Industrial Catastrophe in Post-Soviet Russia

It is challenging to calculate the industrial output for post-socialist transition economies. However, through meticulous work based on internationally recognized statistical standards over two decades, two Russian economists currently associated with the Higher School of Economics in Moscow, Eduard Baranov and Vladimir Bessonov, were able to produce a statistical time-series for the main branches of Russian industry and for the industrial sector as a whole.

The table below summarizes their findings on the physical volume of industrial output in Russia from January 1990 until March 2013. January 1990 marked the end of economic growth in the territory of contemporary Russia (when Russia was still part of the former USSR) as well as the beginning of the late Soviet Union’s economic crisis. March 2013 is the most recent month for which data is available.

Branches of Industry Changes in Industrial Output as %

(March 2013 - January 1990)

Industry as a whole -22.5
Power -6.3
Fuel -4.8
Oil extraction -6.2
Gas 17.1
Coal -3.4
Metallurgy -7.2
Chemical -50.3
Machine building -16.4
Food -12.4
Light industry -84.6

Source: Eduard Baranov and Vladimir Bessonov, 2013

No word describes these numbers better than “catastrophe”. As the data shows, the current level of Russian industrial output is still almost a quarter lower than it was in the time of the Soviet Union.

Good, Market-Based Privacy Advocacy

Too much privacy advocacy is done by a self-appointed expert class who, believing their own preferences to be universal, beseech legislators and regulators to mold or even remake the information economy. I have nothing against self-appointed experts—I am one, and some of you have been falling for my schtick for a decade. But the hubris of claiming to know how things should come out? That’s too much.

So the Electronic Frontier Foundation’s “Who Has Your Back?” report is real stand-out. Using a clear, six-star grid, they assess how well major Internet companies and ISPs do when it comes to key dimensions of privacy protection.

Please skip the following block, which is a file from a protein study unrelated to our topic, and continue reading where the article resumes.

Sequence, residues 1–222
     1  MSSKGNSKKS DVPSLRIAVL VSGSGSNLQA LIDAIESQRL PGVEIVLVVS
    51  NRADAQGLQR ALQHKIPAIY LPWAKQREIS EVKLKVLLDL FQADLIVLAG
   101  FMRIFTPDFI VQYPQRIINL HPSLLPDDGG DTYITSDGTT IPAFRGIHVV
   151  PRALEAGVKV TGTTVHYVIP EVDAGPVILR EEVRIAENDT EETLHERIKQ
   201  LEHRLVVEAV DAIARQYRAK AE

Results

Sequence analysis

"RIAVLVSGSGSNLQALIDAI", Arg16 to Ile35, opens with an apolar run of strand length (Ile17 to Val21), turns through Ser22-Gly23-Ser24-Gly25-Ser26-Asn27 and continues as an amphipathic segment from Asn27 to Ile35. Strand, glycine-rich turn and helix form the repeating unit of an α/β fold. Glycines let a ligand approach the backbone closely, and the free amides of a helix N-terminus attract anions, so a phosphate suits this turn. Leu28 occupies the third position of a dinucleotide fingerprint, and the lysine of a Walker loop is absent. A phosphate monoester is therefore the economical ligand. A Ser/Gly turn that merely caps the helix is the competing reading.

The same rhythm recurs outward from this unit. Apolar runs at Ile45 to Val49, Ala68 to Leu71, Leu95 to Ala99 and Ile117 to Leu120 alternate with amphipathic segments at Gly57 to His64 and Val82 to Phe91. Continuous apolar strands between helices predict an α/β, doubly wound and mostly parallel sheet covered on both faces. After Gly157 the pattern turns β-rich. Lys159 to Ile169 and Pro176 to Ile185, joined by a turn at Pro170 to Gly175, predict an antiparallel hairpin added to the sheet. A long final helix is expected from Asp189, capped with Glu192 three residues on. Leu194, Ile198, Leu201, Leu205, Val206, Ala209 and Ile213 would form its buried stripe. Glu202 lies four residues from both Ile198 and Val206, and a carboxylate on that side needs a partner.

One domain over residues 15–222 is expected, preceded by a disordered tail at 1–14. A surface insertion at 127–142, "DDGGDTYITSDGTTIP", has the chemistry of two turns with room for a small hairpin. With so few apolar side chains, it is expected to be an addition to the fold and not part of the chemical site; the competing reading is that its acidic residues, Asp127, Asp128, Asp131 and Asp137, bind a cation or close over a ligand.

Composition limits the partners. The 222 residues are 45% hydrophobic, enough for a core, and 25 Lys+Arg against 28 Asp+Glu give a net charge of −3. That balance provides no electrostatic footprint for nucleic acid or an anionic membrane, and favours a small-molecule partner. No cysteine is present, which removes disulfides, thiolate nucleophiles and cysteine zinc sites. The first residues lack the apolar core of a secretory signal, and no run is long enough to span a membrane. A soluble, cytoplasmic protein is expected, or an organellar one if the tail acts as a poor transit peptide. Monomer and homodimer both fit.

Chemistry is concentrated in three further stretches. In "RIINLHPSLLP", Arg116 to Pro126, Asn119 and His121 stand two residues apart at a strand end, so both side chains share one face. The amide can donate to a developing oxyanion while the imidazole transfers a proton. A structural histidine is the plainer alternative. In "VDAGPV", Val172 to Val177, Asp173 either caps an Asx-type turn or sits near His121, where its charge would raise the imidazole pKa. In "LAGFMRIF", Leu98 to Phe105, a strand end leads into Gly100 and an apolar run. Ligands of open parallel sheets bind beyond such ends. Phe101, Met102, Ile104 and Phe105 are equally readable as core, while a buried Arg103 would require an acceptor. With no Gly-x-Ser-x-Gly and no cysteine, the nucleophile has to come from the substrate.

This puts you, the consumer, in a position to choose with whom you want to do business. As importantly, it puts business decision-makers on notice: If they don’t satisfy actual consumer demand for privacy, they are more likely than before to lose money.

If consumers care about privacy, they will act on what’s in this report—and specifically on the dimensions of privacy protection that matter to them. If they don’t, they won’t, because they prioritize other things, and businesses can do the same. It’s an elegant system—a market-based system—for discovering and delivering what consumers want.

The alternative is a foggy war (politics being war by other means) in which the “consumer advocate” and “industry” use every artifice to persuade various authorities whether or not, and how, to intervene. The actual desire of the consumer is an afterthought in this regulatory battle.

So, Who Has Your Back?

The report is worth checking out. You might learn that a provider you trust is not so trustworthy. You might learn of services that you should try because they are good actors. You might disagree with the methodology, and that’s fine, too. The responses of businesses and consumers to this report will be far more finely tuned to actual consumer demand for privacy than the gaudy privacy show that runs ‘round the clock these days in Washington, D.C., state capitols, and Brussels.

Congratulations and thanks to the Electronic Frontier Foundation for some good, market-based privacy advocacy!